Hammy House of Horror by Kaye Umansky and Chris Fisher (1998)

This a retelling of the story of "Dracula" in which all the characters are replaced by rodents.

Published by Hodder Children's.

Stanley the Troublemaker (Home Farm Twins Summer Special) by Jenny Oldfield (1998)

This is an especially hilarious book for people involved in the hamster fancy because it centres around Stanley the Syrian Hamster being entered into a Hamster Show put on by the Lakeland Hamster Club (a fictional club supposedly affiliated to the National Hamster Council), with all the 'interesting' personalities of the adult hamster club members that involves!

Published by Hodder Children's.

The Golden Hamster Saga by Dietlof Reiche and Joe Cepeda (Germany, 1998-2003)

The Golden Hamster Saga was originally written in German, these books are the English (US) translations by John Brownjohn (translated 2003-2007). Spanish translations by María Falcón Quintana are aso available. There are five books in the series: in English these are: 'I, Freddy' (US title)/Freddy on the Loose (UK title), Freddy in Peril, Freddy to the Rescue, The Haunting of Freddy and Freddy's Final Quest.

The Freddy series have somewhat more sophisticated storylines than average, including mad scientists, meeting with field hamsters, ghosts and even time travel. They follow the life of a hamster who speaks in the telepathic language of 'interanimal' with animals and by typing on a computer keyboard with humans. The storylines are very self-aware, as each book is supposedly written by Freddy the Hamster and then published, so as the series goes on the characters begin to come into contact with more and more people who have read the earlier books and heard about Freddy's unusual abilities. The stories are such as success within their own universe, in fact, that by Book Five the characters are invited to come and watch a dramatisation of the second book being performed.

In the first book in the series, Freddy is brought home from the pet shop by a little girl called Sophie and learns to read by watching her do her homework. However, he is forced to leave her household and in his new home he meets the recurring characters for the rest of the series: Sir William the civilised tomcat, Enrico and Caruso the theatrical guinea-pigs and their owner Mr John (who works as a German/English translator - blurring fantasy with reality given that the translator of these books from German to English is also called John). The majority of the book sets the scene for the rest of the series, getting most of its own plot from the uncertainty of Freddy's changing position until he finally settles into his adult home.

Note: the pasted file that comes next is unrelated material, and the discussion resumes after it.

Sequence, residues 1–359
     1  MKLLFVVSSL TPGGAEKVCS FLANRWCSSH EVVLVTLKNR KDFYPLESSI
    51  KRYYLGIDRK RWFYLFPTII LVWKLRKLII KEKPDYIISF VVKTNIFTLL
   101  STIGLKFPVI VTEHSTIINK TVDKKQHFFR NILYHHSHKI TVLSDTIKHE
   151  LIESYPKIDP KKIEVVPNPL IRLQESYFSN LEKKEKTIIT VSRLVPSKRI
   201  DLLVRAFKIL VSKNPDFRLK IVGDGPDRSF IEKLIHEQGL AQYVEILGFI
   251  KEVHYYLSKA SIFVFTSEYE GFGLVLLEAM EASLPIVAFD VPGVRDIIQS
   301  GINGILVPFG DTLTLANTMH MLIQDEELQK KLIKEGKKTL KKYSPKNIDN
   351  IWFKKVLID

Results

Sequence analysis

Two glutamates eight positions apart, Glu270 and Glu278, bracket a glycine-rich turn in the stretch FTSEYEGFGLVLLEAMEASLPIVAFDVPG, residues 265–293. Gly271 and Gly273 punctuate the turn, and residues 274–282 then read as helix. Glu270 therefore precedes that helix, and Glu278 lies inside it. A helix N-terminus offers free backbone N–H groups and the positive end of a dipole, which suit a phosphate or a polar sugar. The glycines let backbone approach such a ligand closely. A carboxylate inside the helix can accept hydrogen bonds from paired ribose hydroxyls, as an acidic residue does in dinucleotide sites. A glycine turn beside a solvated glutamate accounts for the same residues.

"Freddy in Peril" really gets the Golden Hamster Saga into its stride, with the introduction of dandruff-ridden Professor Fleischkopf (Meathead), a hamster vivisectionist who wants to cut up Freddy's brain to prove his theory on the mechanisms of hamster intellect. The story goes largely as could be predicted, with daring exploits of kidnap, pursuit, escape and rescue (not necessarily in that order!) and the help of a colony of local sewer rats, but more sensitive younger readers may be alarmed by some of the more threatening turns of phrase in the lab, where no holds are barred to impress on the reader that the Professor has already killed hamsters in their hundreds using the equipment within.

In "Freddy to the Rescue" the gang help to save a colony of Field Hamsters (the European/Black Bellied hamster, which lives wild in Germany).

"The Haunting of Freddy"

Vernon Bright and Frankenstein's Hamster by Steve Barlow, Steve Skidmore and Geo Parkin (2000)

Pogo and Pip (Best Friends: 2) by Jenny Dale and Susan Hellard (2002)

This story describes the friendship between a guinea-pig and a hamster.

Day of the Hamster (Buster Bayliss) by Philip Reeve and Steve May (2002)

When this was republished in 2007 this book got a very different cover - one version has an illustration of giant hamster peering over rooftops at fleeing humans, the other is largely purple and black swirling into a cartoon-style picture of the hero.

The Frank Series by Livi Michael and Derek Brazell (2002)

There are four books in this series: Frank and the Black Hamster of Narkiz (2002), Frank and the Chamber of Fear, Frank and the Flames of Truth and Frank and the New Narkiz. Each book follows Frank (an ordinary pet shop hamster) through an adventure as he struggles for freedom for himself and ideally the whole of hamsterkind.

The Frank books show a great deal more critical thinking and exploration of how a hamster might be culturally different from a human than the average 'hamster viewpoint' book (in which the hamsters are often physically hamster and enjoy seeds and wheels, but are really mentally very human). The Syrian origin of golden hamsters and their subsequent development as pets is made significant to the Frank storylines, as are other hamster behaviours such as eating of the young and the ability to suddenly put in an extra spurt of speed to escape a situation - making all the hamster characters much more rounded and deep than usual and exploring well known areas of hamster lore that don't usually make it into fiction. The series as a whole also encourages hamster welfare and good pet care as it thoroughly explores the consequences for the hamsters when bad things are done to them, striking a good balance between not underplaying the impact of human actions on pets whilst also not being gratuitous or horrific (the series as a whole remains closer to I, Houdini and the Humphrey books than to Watership Down). A wide variety of attitudes to hamsters being kept as caged pets at all are shown, from hamsters who enjoy living in the lap of luxury, through various degrees of independence/pragmatic appreciation of being looked after to being terrified of their owners.